One-Woman Show Explores Societal Taboos Around Infertility and Miscarriage
April 13, 2017
Newberry College will host “Lost and Found,” a one-woman theatrical performance that explores the societal taboos surrounding infertility and miscarriage.
The solo show features Adanma Onyedike Barton, a faculty guest artist from Berea College. Barton takes to the Newberry College stage on Wednesday, April 19, at 7 p.m., in Wiles Theatre. The play is free and open to the public.
Barton’s performance teaches audiences about women’s reproductive health while also providing the audience with a chance to respond. When the 45-minute production concludes, the audience is invited to remain for a panel discussion featuring Barton, a reproductive health counselor and a physician specializing in reproductive health.
During her sabbatical from Berea College for the 2016-2017 academic year, Barton created her solo play, “Lost and Found,” as a means of engaging audiences in an exploration of the uniquely personal issues surrounding women’s reproductive health.
“So many women suffer in silence,” Barton said. “It is my hope that this production gives women the opportunity to speak up and speak out.”
Since February, Barton has been touring her production and teaching a solo performance workshops at colleges and universities throughout the county. She joined the faculty of Kentucky-based Berea College in 2009, where she serves as an associate professor of Theatre.
“When I arrived at Berea College, I began teaching my students that Theatre can be used as a tool to promote conversation and social change,” Barton said.” I developed a course titled, ‘Feminist Solo Performance,’ that helps students explore various methods of storytelling that have enhanced perspectives on issues pertaining to women.”
Founded in 1855, Berea College is the first interracial and coeducational college in the South. All students who attend Berea do so tuition free and are required to work a minimum of 10 hours in a labor position on campus.
PRAISE FOR ADANMA O. BARTON
“I have had the tremendous good fortune to have Adanma Barton as a colleague. In all my works on transformative pedagogy, I urge professors and students to be fully engaged. Adanma Barton in her multidisciplinary work in Theatre, Black Studies, and Women Studies embodies the very best of engaged teaching and learning.”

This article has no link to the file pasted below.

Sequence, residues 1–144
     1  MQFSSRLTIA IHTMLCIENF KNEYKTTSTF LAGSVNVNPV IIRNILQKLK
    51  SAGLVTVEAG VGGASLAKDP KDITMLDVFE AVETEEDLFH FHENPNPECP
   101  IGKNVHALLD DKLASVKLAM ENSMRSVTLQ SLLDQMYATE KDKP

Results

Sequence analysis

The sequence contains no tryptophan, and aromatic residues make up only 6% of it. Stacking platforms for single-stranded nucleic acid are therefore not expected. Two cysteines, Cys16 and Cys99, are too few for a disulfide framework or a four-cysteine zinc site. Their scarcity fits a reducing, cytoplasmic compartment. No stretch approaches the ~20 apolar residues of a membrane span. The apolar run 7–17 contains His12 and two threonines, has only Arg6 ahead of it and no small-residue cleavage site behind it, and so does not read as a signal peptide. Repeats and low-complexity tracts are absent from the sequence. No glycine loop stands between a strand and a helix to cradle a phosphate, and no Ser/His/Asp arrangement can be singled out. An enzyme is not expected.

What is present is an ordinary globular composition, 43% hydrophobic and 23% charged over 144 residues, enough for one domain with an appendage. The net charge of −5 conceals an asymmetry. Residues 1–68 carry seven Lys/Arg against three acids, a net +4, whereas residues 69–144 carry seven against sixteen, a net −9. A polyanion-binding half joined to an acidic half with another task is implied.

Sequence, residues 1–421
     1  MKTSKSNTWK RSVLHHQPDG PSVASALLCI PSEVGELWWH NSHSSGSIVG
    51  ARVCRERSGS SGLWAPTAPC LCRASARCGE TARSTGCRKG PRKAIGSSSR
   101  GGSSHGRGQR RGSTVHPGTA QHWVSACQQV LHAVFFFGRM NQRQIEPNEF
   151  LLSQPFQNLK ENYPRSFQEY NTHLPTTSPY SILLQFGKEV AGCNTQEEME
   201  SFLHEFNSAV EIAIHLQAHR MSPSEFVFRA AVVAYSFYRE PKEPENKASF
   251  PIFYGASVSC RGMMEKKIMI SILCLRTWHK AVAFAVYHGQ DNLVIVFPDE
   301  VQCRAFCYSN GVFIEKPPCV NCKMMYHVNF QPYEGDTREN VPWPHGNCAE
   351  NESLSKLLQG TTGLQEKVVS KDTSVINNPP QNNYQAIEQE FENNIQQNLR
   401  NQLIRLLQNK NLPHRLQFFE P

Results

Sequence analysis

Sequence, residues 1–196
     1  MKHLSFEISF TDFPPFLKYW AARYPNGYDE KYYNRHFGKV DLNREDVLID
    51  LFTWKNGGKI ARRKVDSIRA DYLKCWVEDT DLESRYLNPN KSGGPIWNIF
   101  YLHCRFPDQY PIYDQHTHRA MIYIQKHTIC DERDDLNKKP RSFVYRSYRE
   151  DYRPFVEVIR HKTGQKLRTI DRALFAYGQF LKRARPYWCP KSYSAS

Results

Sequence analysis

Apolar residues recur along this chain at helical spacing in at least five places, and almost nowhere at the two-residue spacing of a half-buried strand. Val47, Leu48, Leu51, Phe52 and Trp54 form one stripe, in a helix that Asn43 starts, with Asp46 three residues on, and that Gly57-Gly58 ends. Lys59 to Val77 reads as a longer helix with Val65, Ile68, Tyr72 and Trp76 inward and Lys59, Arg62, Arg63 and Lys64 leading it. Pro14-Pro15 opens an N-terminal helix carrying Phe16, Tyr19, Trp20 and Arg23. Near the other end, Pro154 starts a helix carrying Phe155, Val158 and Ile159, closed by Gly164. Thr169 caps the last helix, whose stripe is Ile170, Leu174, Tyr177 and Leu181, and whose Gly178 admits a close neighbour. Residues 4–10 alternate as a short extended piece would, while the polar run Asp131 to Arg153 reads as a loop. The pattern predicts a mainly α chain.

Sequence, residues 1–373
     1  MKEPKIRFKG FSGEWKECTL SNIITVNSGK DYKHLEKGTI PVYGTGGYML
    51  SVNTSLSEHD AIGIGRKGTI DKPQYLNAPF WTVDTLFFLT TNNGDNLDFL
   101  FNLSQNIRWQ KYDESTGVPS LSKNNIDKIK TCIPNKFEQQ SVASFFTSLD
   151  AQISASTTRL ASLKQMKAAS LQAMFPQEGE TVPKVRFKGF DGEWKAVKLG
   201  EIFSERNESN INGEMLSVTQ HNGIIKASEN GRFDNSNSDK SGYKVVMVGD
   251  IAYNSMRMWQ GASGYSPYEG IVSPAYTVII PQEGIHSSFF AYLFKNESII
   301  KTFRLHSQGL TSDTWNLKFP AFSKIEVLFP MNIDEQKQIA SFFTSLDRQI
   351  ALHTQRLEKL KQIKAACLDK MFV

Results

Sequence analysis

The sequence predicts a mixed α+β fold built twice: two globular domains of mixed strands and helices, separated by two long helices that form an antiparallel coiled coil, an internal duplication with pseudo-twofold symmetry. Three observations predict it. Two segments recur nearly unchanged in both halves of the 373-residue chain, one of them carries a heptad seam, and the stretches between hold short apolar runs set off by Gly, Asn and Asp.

DR. BELL HOOKS, world renowned feminist scholar and Distinguished Professor in Residence in Appalachian Studies at Berea College
“I believe Adanma is one of the most exciting directors in the region. Her intelligence, deep knowledge of theatre, and drive brings an electricity to a play that would not have existed without her. Her deep passion for the written word and for drama instilled the same into her students. I have seen several plays directed by Adanma and all of them have her trademark stamp of layered intelligence, creativity, and energy. Adanma is an amazing teacher. She cares deeply about her students and works incredibly hard to make sure they are learning as much as possible. She never coddles them but always makes sure they know she cares about their education. Her teaching technique is especially effective because it is so clear that she cares about knowledge and taking the work at hand seriously. Her passion for learning is infectious, and it sets a fire in her students.”
SILAS HOUSE, award winning author and playwright
“Adanma is a world builder. Seeing how she brings her students into this delicate realm, whether it’s on stage or in the classroom, I became increasingly aware of a certain transformation from classmates to cast members. Wherever that fourth wall goes up, Adanma pushes it as far back as it will go, absorbing every last member of her class. The very vitality that she endows, both her teaching and directing, becomes so readily infectious amongst her students, her audience, it’s impossible not to feel engaged—or, even better, a member of the ensemble. Quite simply, she brings theatre to life.”
CLAY McLEOD, New York City-based playwright and author